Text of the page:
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Jim Grant Tech Tips Jim Grant Tech Tips
A collection of helpful articles based on reader submissions
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  Jim Grant's Tech TipsJim Grant's Tech Tips
Below is a collection of Jim Grant's Tech Tips sorted by Vehicle Make. These Tech Tips were answers to questions submitted to Jim by ALLDATAdiy.com users over the course of many years.
If you have any questions, please feel free to email us.
 
 

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  Jim Grant's Tech Tips

‘96 Honda Civic, Gas Cap or Problems?
Q:# I have a ‘96 Honda Civic CX. The engine light came on. Honda service read the computer code, reset the engine light for $34. They told us it might be a defective gas cap or improperly sealed cap and advised us to make sure it is sealing properly by turning it until we hear the clicks. Within a week, the engine light came on again. Honda service read the code, same code as before. Reset the engine light for another $34. They changed the gas cap for a new one just to make sure. $13 + tax. The engine light has just come on again. #1: Is there a way to check if the gas cap was/is defective in the first place? When we remove the cap, we hear a distinctive whoosh of built up pressure. Should this not confirm that there is no leak around the gasket or anywhere else? #2: Is there a way to check the pressure transducer? If so why did they jerk me around thinking it might be the cap? #3: Why is it important to measure this gas pressure information? Can I ignore this error condition? #4: Can I check these codes and reset the computer myself? Someone said I could do it with a simple module. I might even be able to see this information via a serial port using a computer/laptop and diagnostic software. I would appreciate any help you may give me in this matter.

A: # 4. Yes you can check your vehicle’s computer for Diagnostic Trouble Codes (DTC’s) and reset the computer yourself with a lap top computer. Search the internet with key word (OBD II). This will take you to many sites that sell such equipment.
#3. Yes it is important to monitor gas pressure. Why? If a vehicle’s gas tank is not sealed properly, the volume of raw Hydrocarbons HCs that escape into the atmosphere exceeds what comes out the tail pipe of your vehicle many times. Yes, today’s vehicles are that clean out the tail pipe. By monitoring the pressure in the gas tank the vehicle’s on-board computer can identify an evaporative system failure. The evaporative system is more than a gas tank and cap. It also incorporates a charcoal canister, hoses and tubing that travel the full length of the vehicle, computer controlled/monitored solenoids and pressure sensors.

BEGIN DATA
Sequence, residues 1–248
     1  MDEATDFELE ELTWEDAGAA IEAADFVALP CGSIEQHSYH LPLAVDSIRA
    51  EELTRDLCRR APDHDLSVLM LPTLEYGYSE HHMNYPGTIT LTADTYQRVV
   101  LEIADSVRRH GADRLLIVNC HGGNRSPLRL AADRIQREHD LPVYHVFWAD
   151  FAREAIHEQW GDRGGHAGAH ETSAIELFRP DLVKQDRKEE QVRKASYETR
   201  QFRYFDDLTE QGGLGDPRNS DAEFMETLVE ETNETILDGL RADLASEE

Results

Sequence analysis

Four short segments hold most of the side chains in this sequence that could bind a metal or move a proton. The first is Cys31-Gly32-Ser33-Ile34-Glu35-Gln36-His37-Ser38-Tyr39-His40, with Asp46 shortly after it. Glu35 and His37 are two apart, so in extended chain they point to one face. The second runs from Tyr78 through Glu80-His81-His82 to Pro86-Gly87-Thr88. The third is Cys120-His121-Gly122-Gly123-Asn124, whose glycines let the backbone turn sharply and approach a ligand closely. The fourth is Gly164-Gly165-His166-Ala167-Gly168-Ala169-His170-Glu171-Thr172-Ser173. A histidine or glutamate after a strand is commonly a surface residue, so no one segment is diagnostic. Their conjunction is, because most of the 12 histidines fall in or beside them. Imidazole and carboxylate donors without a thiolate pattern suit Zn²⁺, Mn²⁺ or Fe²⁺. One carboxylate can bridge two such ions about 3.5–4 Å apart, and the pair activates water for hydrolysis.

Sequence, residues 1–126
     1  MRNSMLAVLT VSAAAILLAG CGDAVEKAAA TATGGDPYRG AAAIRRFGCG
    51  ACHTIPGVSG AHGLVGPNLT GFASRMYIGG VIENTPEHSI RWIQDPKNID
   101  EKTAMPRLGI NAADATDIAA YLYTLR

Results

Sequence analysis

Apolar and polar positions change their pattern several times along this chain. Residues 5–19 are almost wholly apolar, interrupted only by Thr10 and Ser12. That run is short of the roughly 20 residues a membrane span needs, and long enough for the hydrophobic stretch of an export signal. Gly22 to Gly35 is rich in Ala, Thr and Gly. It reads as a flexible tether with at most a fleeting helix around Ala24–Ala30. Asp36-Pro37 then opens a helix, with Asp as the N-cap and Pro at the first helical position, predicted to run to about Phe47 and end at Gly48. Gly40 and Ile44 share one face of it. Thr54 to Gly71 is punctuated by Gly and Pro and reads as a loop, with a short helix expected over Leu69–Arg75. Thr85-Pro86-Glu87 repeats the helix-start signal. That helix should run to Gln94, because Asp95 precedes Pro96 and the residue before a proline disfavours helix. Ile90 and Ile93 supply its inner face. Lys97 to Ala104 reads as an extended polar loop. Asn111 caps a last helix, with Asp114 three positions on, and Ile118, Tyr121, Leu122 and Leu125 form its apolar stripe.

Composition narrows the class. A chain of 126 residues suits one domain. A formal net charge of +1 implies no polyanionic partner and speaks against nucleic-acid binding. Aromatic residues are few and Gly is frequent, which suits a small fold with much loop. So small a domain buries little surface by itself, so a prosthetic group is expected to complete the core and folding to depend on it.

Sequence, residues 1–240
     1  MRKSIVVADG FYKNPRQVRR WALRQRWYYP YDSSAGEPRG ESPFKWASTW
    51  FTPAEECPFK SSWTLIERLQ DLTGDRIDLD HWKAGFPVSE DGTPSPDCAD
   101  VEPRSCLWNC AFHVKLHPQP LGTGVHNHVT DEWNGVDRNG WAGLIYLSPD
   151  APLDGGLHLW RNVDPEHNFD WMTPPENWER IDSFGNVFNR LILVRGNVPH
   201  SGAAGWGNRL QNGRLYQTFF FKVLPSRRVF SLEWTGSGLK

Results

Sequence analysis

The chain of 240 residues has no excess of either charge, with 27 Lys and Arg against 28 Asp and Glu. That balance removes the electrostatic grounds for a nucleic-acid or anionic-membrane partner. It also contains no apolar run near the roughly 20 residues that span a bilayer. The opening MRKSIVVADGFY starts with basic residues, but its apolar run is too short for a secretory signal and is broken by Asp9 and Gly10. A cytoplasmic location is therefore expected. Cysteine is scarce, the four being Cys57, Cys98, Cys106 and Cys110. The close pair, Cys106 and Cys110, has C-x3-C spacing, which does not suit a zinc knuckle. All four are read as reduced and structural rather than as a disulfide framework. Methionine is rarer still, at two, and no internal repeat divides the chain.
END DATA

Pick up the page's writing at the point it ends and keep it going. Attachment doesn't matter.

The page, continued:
#1 & 2 As for the jerk around, all I can say is when one of our customers come in with a light on and no driveabilty complaint we ask if the vehicle has been fueled up recently. Why? Because the gas cap may not be tight enough. This has happened a lot and we’re just a small town garage. We check and demonstrate proper gas cap installation and close with the recommendation that the vehicle be driven for a few days at no charge for our time educating the customer. The alternative is plugging in and charging you for the computer scan tool, plus labor time to go through a factory diagnostic procedure, monitor the pressure sensor etc. (takes more time than you can image) to tell you that the gas cap was loose. Many areas have or are in the process of implementing (including New Hampshire) emissions testing that requires checking the computer on ‘96 and newer vehicles.. This is only the tip of the iceberg, there is so much more to explain. As a consumer you have so much more to learn. I’m sure there will be more discussion in this area.

 
     
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